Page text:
Jennet Ingle ReedsHandmade oboe, English horn and oboe d'amore reeds
About Jennet Ingle Reeds
Like most professional oboists, I make my own reeds, and since 1998 I have been offering my oboe reeds for sale to the public. When you buy from me you are paying for my years of experience in working with cane and oboe reeds. I make all of my reeds by hand from start to finish, and test them on the oboe myself. Thus I don’t sell “student” or “beginner” reeds per se – every reed is made with the same high-quality cane that I use for myself, and meets my own high standards before it is promptly shipped out. I sell oboe, English horn, and oboe d’amore reeds on this site, and also through Midwest Musical Imports. Additionally, HB Oboe Reeds Shop carries my reeds.
Guarantee/Disclaimer: Every oboist is different and you might not like my reeds. But if you are unhappy with your purchase I would like the chance to make it right. In addition, if your reed arrives cracked, damaged, or leaking, I will apologize up and down and replace it immediately. Please let me know!
I make reeds to order, but I work very fast and pride myself on professionalism and superior customer service. I will always mail your order within seven days of receiving payment, often much sooner. If you are in a bigger hurry than that, please do contact Midwest Musical Imports – if they are not out of stock they can ship much more immediately. Of course, they are also a little more expensive. I ship via USPS First Class mail, which usually takes 3-5 days within the US.
Medium reeds are the reeds I play on in my own life as a professional oboist. They are much more resistant than many commercial Mediums. I strive for a stable, smallish opening, prompt response, and a fair amount of resistance to blow against.
Medium Soft reeds are for the player who prefers a quicker response, more flexibility in pitch, and less resistance. These are my recommended strength for younger players.
Medium Hard reeds have a slightly larger opening and more wood on them than my Medium reeds. They are finished reeds – I can play them, in tune and comfortably – but they require a little more air and more physical effort than I prefer. These reeds are great for those pros and teachers who intend to adjust reeds themselves to their own comfort level, or for players who like to blow hard.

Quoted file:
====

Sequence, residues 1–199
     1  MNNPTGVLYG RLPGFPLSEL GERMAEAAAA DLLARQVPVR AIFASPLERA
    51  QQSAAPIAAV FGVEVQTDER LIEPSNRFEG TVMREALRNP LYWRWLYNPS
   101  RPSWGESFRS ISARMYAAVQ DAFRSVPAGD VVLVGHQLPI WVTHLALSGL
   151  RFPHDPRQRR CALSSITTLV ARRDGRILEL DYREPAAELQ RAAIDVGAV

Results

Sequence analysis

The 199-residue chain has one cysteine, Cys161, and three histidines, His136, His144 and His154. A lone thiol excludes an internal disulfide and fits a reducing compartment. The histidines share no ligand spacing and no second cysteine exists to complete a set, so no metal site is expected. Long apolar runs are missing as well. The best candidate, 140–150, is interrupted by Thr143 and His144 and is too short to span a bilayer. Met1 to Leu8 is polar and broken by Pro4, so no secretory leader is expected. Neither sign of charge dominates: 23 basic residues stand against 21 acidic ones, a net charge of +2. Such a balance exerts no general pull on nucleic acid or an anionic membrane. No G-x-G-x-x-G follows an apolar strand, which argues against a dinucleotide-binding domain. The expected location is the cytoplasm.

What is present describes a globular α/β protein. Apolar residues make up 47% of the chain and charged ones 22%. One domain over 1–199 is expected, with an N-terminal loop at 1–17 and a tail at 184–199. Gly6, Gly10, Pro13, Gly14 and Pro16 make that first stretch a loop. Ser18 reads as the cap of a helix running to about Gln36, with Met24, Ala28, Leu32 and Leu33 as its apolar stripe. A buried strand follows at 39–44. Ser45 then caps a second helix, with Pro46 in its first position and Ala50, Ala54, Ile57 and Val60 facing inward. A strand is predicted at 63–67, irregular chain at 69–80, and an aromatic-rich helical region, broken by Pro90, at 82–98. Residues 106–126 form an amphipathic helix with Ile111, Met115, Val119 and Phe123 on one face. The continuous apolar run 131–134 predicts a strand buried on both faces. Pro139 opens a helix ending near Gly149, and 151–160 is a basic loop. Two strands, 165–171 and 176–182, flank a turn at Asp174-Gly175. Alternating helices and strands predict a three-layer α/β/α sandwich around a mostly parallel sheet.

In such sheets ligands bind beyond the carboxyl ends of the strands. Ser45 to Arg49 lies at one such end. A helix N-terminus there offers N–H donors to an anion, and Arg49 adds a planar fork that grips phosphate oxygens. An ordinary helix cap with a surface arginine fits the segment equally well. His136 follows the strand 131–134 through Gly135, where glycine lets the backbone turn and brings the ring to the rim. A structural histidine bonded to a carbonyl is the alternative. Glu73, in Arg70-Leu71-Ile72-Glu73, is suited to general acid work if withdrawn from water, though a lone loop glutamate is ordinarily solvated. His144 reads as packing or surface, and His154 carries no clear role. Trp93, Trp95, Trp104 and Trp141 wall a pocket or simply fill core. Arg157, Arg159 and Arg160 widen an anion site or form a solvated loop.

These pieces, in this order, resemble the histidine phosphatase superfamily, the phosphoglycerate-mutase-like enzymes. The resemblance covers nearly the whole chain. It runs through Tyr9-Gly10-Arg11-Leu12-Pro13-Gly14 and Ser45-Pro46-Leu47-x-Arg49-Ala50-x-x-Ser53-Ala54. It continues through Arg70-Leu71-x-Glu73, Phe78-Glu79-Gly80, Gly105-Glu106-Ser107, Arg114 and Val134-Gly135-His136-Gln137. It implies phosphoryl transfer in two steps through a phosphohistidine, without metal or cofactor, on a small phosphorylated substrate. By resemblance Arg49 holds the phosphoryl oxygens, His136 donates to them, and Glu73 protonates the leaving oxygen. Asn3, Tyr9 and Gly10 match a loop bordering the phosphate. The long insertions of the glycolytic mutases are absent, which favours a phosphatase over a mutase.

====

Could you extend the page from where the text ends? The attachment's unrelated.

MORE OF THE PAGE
Details for Oboe Geeks Only (Gouge and Shapes)
In all cases I make the same reeds for my customers that I do for myself – the same cane, the best gouger in my collection at the time you order, the shape that is working for me in the current season. My reeds are made from 10.5-11mm diameter cane, gouged on an Innoledy gouger (occasionally on a Gilbert or a Ross). My usual shapes are Caleb -1 and Samson +1, but others that I occasionally use include Joshua +2 and Ruth -2. My oboe d’amore reeds are gouged on the Innoledy and shaped on a Rigotti 2. I gouge my English horn cane on a Ross machine, and shape on the Jeanne Standard or the Giacobassi. If you drop me a note I can customize any reed with your requested shape.
By default the tubes I use come from Chartier and are synthetic cork. I construct the same professional-quality reed on every tube, but the staples that I actually use in the orchestra and for my solo work are fancier. One of my favorite choices is the Sierra Tube from Mark Chudnow. The thinner walls of this staple provide greater flexibility and vibrancy, and the high-quality cork lasts and lasts. Most recently, I’ve grown to love the Pisoni Artist tubes, for the opposite reason. They are larger and thicker and give my reeds slightly MORE resistance, in a good way, and lots of warmth and projection. I offer both of these premium tubes as an upgrade, for $4 per reed.
Synthetic cork – Basic 47mm brass tubes with a medium thickness and a synthetic cork
Premium cork/tube – Premium brass Sierra tubes have comparatively thinner metal walls and high quality real cork. Premium brass Pisoni Artist tubes are thick walled and have a larger bore size, in addition to a high quality real cork
Pros and cons of each
I find that the basic synthetic tubes are just fine, and younger students tend to prefer them because they slide easily in and out of the oboe. For those seeking MORE, the thinner-walled Sierra tubes offer a more immediate response and a more vibrant, “zingy” sound, while the reeds made on the Pisoni tubes tend to be heavier, darker, and have great projection in a hall.